On this day in 1900 Sergei Ozhegov, the writer of one of the first Russian dictionaries, was born.
Born in Kamennoe village in the Tver region, Ozhegov is celebrated for his “Dictionary of the Russian Language,” which remains the most widely used reference for the Russian language today, especially for writers, journalists and interpreters.
The oldest of three brothers, Ozhegov and his family moved to St. Petersburg before World War I, where he enrolled in university. Interested in philology, the young Ozhegov was also inclined to athletics – he was known to be a good football player – but he ultimately chose his passion for language and literature.
His education was not without interruption, however, as Ozhegov was called to serve in the military in northwest Russia and Ukraine. Fortunately, he emerged unscathed and in 1922 continued his education. While still a student, he began work on the “Russian Language Explanatory Dictionary” with known scientist and linguist Dmitry Ushakov as a mentor. Ushakov would greatly influence Ozhegov’s life and career.
Staying mostly away from politics during the time of the Bolshevik administration – though it is said he supported both the Socialist Revolutionary Party and later the Bolsheviks – his interest in science and language was unwavering. During this time, he composed a dictionary to help understand the work of the famous playwright Aleksander Ostrovsky; this was deemed inappropriate by the Soviet government and only published years later.
Following his graduation in 1926, Ozhegov started a postgraduate course where he was able to attend lectures delivered by renowned linguists. He also studied Slavic phonetics, languages and vocabulary, something which interested his own professors. Ozhegov began teaching, too, and was popular with young students and scholars.
In 1936, Ozhegov moved to Moscow and taught Russian in universities and institutions. By the time World War II broke out, he had finished his “Explanatory Dictionary” and wanted to volunteer at the front line. He was stopped, however, as the Soviet government believed him to be too valuable to Russian linguistics and scholarship. He remained in Moscow for research and teaching.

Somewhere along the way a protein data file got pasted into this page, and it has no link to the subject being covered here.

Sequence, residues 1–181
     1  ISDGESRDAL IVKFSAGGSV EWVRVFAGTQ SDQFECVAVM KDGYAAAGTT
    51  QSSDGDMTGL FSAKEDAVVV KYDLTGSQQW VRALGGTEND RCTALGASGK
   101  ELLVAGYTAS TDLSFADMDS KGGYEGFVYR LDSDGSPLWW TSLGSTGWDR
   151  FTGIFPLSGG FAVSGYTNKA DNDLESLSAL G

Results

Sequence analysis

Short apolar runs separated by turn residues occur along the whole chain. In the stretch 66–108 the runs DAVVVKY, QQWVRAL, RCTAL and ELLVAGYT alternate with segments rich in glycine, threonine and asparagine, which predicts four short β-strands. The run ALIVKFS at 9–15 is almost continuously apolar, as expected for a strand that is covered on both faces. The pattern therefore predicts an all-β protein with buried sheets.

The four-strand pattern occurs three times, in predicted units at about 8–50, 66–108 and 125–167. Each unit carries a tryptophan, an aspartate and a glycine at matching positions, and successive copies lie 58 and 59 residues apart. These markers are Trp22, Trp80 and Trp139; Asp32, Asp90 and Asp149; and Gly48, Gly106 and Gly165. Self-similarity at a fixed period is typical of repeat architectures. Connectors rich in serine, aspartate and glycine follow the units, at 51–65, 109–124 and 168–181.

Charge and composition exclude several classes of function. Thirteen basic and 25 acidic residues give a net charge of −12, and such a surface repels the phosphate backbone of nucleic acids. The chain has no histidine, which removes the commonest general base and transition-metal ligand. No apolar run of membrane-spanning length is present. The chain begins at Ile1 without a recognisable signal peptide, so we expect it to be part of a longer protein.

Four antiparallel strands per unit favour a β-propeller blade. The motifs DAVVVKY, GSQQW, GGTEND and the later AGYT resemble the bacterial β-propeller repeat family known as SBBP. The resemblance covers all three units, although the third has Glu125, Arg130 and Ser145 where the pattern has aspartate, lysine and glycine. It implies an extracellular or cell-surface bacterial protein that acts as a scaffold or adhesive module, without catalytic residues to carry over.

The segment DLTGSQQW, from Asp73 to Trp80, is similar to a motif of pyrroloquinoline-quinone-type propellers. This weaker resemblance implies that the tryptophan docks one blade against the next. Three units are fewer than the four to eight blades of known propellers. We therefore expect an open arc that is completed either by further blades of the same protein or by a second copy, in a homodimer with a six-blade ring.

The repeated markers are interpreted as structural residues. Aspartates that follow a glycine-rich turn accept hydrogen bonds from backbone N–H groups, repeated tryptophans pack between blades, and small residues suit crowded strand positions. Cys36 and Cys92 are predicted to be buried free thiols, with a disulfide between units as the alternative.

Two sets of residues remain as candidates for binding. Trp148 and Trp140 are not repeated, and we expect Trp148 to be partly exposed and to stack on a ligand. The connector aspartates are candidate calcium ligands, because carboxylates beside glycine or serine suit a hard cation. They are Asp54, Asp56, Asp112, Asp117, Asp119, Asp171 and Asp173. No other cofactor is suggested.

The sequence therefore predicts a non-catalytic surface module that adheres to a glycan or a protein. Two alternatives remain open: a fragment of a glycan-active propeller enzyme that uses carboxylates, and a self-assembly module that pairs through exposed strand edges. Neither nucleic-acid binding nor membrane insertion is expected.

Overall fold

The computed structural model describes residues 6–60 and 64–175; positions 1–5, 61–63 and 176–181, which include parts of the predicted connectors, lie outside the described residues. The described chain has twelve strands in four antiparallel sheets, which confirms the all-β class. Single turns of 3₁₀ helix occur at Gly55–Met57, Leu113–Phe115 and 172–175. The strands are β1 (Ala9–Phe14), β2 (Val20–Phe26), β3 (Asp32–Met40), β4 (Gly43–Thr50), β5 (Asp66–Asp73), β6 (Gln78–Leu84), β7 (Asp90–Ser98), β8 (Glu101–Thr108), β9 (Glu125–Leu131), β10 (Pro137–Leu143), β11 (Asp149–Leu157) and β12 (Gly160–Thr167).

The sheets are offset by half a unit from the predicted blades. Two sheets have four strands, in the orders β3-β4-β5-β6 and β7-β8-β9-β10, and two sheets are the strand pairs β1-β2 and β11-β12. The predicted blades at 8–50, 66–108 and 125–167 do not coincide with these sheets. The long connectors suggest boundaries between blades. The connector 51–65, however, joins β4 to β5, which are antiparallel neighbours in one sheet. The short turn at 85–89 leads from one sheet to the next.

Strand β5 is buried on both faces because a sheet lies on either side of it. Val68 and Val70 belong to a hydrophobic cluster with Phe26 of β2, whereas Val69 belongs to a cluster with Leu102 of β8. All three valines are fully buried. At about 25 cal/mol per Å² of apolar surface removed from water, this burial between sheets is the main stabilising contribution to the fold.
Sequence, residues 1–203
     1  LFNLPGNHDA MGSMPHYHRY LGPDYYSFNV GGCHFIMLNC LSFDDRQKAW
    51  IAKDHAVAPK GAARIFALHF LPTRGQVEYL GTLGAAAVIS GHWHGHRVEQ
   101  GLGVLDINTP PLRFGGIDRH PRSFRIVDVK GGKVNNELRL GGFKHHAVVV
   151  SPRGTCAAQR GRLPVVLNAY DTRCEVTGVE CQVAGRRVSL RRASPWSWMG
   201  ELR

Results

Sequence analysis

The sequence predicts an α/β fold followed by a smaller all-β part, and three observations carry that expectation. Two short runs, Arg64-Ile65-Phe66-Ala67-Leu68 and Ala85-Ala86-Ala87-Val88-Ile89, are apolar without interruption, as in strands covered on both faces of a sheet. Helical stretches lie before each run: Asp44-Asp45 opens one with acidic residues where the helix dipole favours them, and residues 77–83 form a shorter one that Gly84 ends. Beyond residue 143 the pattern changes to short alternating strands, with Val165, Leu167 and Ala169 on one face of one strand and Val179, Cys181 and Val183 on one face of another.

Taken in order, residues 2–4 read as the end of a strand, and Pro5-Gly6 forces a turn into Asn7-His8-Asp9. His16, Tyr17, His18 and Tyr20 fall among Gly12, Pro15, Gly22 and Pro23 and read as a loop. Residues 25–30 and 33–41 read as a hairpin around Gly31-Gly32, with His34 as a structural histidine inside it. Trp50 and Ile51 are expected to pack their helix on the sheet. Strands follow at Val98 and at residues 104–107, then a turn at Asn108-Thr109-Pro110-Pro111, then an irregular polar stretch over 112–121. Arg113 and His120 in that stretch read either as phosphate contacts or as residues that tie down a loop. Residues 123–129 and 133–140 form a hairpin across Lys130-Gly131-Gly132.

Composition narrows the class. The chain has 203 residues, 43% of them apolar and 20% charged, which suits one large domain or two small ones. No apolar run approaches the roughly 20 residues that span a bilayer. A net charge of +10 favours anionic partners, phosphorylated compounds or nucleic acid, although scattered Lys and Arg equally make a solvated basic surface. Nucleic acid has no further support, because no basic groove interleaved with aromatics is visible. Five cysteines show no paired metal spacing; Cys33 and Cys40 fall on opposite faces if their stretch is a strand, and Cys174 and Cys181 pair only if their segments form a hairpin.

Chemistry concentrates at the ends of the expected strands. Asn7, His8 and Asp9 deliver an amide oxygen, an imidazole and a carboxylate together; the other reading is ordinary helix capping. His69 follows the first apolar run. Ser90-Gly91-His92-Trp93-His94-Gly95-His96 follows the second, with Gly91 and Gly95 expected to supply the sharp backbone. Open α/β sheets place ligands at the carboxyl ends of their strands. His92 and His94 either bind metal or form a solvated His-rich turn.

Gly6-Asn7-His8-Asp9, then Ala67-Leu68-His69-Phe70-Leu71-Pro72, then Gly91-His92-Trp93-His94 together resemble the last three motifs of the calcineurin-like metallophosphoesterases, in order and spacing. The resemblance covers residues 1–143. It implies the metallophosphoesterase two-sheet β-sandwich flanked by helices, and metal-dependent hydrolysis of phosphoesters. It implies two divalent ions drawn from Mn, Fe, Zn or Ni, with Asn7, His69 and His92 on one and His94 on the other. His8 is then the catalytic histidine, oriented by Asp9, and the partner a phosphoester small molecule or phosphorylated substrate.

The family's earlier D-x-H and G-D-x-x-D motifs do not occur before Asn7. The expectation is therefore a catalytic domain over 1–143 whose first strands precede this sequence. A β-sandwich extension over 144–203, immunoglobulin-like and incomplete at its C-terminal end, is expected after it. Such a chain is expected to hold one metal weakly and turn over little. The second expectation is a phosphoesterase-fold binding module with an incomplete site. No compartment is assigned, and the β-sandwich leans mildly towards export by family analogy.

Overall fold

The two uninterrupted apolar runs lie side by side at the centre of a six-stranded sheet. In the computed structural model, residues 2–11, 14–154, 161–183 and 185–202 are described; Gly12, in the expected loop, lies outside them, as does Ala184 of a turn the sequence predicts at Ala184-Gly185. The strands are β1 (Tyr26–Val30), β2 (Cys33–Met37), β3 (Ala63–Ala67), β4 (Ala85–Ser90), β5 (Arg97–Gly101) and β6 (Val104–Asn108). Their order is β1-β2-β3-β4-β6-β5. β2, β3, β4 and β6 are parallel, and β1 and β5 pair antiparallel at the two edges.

During the war, Ushakov, who was still a close friend, died, and Ozhegov would continue working on the “Russian Language Dictionary” on his own despite the hardships of war. He wrote in a letter, “I don’t have any cigarettes left. In my flat there is no electricity, no central heating, no hot and cold running water. The sewage system is also out of order.” But still, he persisted. Not only did Ozhegov continue work on his magnum opus, he also created new courses and lectures on the history of script, founded a linguistic scientific association, studied war language and became his own security guard in the building he lived in (which is today the Russian Language Institute).
Before and during this time he lost both his brothers, his wife and his son (he later adopted the daughter of one of his brothers) and was deeply depressed, with only his work to keep him going.
After the war in 1949, the first edition of his dictionary with 50,000 words was published. It immediately gained the attention of many readers and language lovers, and Ozhegov was soon flooded with requests to define and explain words, phrases and expressions (somehow, he found time for each of them).
During his lifetime, eight editions of his dictionary were published, with modern versions containing up to 80,000 words.
Despite all his work and acclaim, Ozhegov was never given official status or awards. Throughout his life he lived simply and was indifferent to accolades. The linguist died in 1964 after he was given infected blood during a blood transfusion. His legacy lives on today in the work of translators, academics and students of Russian around the world.